Effective memorization

Planned repetition and interaction with the material is the key to memorization. Human memory is unreliable. If not maintained, large amount of information stored in our brains will become unavailable. It will not disappear completely, but recollection will become difficult. Fortunately, understanding the process of forgetting allows to slow progressing deterioration of memories.

The first person who conducted a study of human memory in an organized way was the professor of psychology Hermann von Ebbinghaus. In 1894-1905 he was lecturing at the University of Wrocław (then Breslau). In the process, he memorized sets of nonsense syllables and tried to recreate them after pre-defined period of time, e.g. hour, day, or week. His results led to creation of the forgetting curve that visualises how information “evaporates” from memory over time. Apparently, after 20 minutes almost 50% of material gets forgotten. On the next day, about 60% of memorized information flees. After a month, less than one-fifth remains!

Ebbinghaus was a pioneer, but his methods were disputable. He used only one memorization technique and a single subject – himself. Yet, modern research on memory and information recollection confirmed his conclusions. It is now commonly accepted that planned and regular repetitions allow for effective learning. In principle, repeated studying followed by repeated testing allow to store information in a long-term memory. These two activities, though similar, are fundamentally different.

Repeated studying – Repetitions greatly impact the long-term preservation of memorised material. Re-learning fills the gaps that arise over time, which is precisely the reason why regular repetitive sessions are so important. Actually, the first re-learning session should take place the same day the initial study took placeEvery evening it is necessary to set aside some time to review and repeat everything that was studied earlier on that day. Just this one activity, regularly repeated, will significantly improve our ability to learn and memorize. Repetitions should be then scheduled for the following days: the first on the second day, the next one a week later, etc. It is good to experiment a bit to find the optimal time intervals as they depend on the individual predispositions, but also the amount of material to master, the amount of free time, etc.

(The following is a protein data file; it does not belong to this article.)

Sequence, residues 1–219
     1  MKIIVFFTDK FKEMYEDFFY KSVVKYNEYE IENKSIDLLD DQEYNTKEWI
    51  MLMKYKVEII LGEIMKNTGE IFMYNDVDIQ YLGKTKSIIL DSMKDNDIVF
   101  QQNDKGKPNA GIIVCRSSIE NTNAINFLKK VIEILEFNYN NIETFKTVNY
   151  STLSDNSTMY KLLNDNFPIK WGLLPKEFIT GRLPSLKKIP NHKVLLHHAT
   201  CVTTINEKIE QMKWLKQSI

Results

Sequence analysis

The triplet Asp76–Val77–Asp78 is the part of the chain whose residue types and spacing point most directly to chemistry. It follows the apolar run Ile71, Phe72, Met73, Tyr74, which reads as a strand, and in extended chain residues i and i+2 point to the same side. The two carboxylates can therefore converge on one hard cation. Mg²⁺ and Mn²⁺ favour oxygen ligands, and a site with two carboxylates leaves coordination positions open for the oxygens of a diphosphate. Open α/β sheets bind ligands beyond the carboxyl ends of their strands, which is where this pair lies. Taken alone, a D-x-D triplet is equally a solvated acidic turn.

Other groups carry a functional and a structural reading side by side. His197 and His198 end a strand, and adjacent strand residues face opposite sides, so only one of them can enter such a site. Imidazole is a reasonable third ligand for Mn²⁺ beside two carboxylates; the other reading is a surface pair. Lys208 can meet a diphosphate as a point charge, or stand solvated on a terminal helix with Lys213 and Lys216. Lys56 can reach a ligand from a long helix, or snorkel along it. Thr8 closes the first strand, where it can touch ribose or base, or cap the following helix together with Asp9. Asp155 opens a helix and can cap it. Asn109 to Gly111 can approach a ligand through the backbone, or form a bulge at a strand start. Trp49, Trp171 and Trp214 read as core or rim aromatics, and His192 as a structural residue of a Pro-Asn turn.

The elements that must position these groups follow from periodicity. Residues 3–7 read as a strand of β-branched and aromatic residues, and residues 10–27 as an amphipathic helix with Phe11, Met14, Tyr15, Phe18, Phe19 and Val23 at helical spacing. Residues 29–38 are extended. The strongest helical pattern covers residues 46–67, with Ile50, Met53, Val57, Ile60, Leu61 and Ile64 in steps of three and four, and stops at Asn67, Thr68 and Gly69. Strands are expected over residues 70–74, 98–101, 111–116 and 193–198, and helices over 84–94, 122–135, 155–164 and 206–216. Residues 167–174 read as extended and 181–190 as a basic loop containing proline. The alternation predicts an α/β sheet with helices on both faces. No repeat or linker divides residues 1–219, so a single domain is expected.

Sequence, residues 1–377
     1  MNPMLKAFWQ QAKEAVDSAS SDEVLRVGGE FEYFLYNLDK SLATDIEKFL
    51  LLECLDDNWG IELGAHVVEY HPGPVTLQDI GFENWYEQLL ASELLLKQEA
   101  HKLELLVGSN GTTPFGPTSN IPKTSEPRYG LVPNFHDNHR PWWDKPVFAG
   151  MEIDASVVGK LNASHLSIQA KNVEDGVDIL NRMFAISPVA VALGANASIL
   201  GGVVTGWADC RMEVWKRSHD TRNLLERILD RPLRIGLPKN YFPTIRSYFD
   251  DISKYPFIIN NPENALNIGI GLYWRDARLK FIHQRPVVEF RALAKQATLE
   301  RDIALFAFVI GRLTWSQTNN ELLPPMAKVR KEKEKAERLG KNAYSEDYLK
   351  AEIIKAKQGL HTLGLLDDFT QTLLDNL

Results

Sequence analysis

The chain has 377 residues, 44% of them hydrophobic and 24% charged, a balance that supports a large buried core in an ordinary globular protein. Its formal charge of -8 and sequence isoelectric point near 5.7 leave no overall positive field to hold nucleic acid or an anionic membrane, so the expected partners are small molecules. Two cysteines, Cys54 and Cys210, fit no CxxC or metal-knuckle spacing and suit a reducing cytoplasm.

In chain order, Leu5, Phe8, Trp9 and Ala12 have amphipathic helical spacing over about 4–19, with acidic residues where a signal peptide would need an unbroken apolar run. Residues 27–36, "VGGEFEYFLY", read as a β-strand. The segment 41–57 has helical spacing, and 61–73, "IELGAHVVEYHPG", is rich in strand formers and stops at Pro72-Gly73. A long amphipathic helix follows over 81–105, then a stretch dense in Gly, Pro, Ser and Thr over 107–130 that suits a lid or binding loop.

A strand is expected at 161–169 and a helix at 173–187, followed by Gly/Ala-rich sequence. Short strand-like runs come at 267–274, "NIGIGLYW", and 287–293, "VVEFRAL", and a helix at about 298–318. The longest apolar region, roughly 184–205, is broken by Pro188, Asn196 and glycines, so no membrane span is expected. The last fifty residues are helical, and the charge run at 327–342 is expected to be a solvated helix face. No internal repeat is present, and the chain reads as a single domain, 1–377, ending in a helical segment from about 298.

Repeated testing – one can repeatedly learn the same material in the hope of remembering it, and after a while it will most probably happen. It turns out that it is not a repetition, but it is the activation of memorised information that stimulates the process of perpetuation. To take advantage of this fact, we shouldn’t just review our notes, but rather attempt to use and reflect on the knowledge as much as possible. Repetitive study sessions should be enriched with variety of tests. For example, as often as possible rewrite your notes from memory. Also, with your own words, as detailed as you can, summarize the contents of the article, lecture, or book chapter you are trying to master. When you’re done, compare what you wrote from the memory, with a source material or your own earlier notes to see how much you’ve successfully reproduced, then fill the gaps during the next study session and take another test.

It is important to make study sessions a combination of both described methods. As reported in [1], simple repeating of the material (re-learning) is not enough. Only frequent activation and testing of memorised information allows to store it permanently in the long-term memory.

Sources:

  1. Jeffrey D. Karpicke, Henry L. Roediger III, The Critical Importance of Retrieval for Learning, Science vol.319, No. 5865, February 15, 2008

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